- Typical amount of time that Synthesis, G2, and Mitosis stage for human cells. (studystack.com)
- Along with cytokinesis (the division of the rest of a cell), mitosis results in a parent cell dividing into two daughter cells. (pbs.org)
- Mitosis was first observed by Strasburger (1870) in plant cells, Boveri and Flemming (1879) in animal cells. (yourarticlelibrary.com)
- Mitosis occurs in the formation of somatic body cells and is hence often named as somatic cell division. (yourarticlelibrary.com)
- InterphaseInterphase prepares the cell for mitosis. (glogster.com)
- Interphase ensures that the cell is the right size and has everything it needs to go through mitosis. (glogster.com)
- The end result of mitosis is an identical daughter cell. (glogster.com)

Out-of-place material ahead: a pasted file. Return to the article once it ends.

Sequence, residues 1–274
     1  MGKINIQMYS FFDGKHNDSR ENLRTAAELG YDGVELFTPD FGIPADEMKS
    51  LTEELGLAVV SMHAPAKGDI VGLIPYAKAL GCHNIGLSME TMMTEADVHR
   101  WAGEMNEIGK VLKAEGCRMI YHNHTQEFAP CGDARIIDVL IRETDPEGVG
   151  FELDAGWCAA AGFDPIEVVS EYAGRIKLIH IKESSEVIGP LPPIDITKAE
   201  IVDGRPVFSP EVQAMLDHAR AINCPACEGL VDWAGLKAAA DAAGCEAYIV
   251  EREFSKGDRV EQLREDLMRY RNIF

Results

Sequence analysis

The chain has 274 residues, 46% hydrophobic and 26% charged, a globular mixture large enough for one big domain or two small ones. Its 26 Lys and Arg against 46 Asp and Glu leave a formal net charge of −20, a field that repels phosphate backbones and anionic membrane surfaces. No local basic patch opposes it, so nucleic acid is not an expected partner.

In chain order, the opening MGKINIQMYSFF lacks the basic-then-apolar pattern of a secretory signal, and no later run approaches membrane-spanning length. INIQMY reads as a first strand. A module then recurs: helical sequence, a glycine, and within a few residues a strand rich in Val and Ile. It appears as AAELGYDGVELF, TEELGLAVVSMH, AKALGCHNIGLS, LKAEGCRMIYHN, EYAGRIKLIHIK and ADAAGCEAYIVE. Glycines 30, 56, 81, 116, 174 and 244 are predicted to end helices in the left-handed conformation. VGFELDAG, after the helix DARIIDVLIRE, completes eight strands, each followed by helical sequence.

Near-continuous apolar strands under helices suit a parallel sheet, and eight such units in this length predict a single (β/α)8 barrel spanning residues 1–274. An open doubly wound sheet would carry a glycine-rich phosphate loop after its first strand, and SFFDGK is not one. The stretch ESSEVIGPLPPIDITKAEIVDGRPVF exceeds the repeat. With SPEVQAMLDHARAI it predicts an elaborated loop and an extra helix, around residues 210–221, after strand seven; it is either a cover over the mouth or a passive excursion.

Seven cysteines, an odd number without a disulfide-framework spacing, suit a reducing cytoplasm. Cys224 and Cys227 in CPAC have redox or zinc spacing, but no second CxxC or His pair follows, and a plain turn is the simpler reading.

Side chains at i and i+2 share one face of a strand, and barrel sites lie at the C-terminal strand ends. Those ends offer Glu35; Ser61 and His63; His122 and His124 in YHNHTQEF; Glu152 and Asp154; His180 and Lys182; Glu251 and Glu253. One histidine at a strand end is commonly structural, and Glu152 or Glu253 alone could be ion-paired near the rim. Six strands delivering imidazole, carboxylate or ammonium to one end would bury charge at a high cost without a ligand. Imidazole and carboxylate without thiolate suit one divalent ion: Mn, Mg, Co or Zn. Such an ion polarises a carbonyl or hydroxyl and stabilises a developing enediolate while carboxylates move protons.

- The daughter cells are what you get at the end of mitosis. (biology-online.org)
- You start off with 1 cell and then they go through mitosis and at the end you have 2 cells which would be the daughter cells (or diploid). (biology-online.org)
- It has been found that the prolongation in the preimplantation period in the ferret is not accompanied by inhibition of mitosis or activity in nucleolus organizing regions of inner cell mass cells as occurs in species having an obligatory delay of implantation (obligate embryonic diapause). (deepdyve.com)
- The substantial increase in nuclear surface area resulting from these grooves and invaginations, their apparent preference for association with nucleoli, and the presence in them of actin bundles that support vesicle motility suggest that the structures might function both in mRNA export from the nucleus and in protein import from the cytoplasm to the nucleus. (plantcell.org)
- Nuclear grooves and invaginations substantially increase the surface area of the nucleus and have been suggested to function in signaling from the cytoplasm to the nucleus (Lui et al. (plantcell.org)
- Before prophase the cell is in interphase, which is when the chromosomes are duplicated. (reference.com)